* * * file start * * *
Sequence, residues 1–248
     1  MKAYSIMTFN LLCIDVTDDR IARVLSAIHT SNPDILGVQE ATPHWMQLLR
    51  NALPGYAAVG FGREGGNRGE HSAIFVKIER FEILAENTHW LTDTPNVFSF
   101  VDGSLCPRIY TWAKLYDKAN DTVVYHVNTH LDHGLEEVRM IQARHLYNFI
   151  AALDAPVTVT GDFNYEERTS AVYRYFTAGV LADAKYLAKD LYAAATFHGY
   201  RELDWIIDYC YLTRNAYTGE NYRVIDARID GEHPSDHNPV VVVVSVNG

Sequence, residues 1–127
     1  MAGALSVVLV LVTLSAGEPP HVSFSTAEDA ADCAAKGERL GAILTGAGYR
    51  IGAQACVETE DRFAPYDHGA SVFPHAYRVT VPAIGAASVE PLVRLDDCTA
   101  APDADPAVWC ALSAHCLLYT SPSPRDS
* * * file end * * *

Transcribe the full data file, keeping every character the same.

Sequence, residues 1–248
     1  MKAYSIMTFN LLCIDVTDDR IARVLSAIHT SNPDILGVQE ATPHWMQLLR
    51  NALPGYAAVG FGREGGNRGE HSAIFVKIER FEILAENTHW LTDTPNVFSF
   101  VDGSLCPRIY TWAKLYDKAN DTVVYHVNTH LDHGLEEVRM IQARHLYNFI
   151  AALDAPVTVT GDFNYEERTS AVYRYFTAGV LADAKYLAKD LYAAATFHGY
   201  RELDWIIDYC YLTRNAYTGE NYRVIDARID GEHPSDHNPV VVVVSVNG

Sequence, residues 1–127
     1  MAGALSVVLV LVTLSAGEPP HVSFSTAEDA ADCAAKGERL GAILTGAGYR
    51  IGAQACVETE DRFAPYDHGA SVFPHAYRVT VPAIGAASVE PLVRLDDCTA
   101  APDADPAVWC ALSAHCLLYT SPSPRDS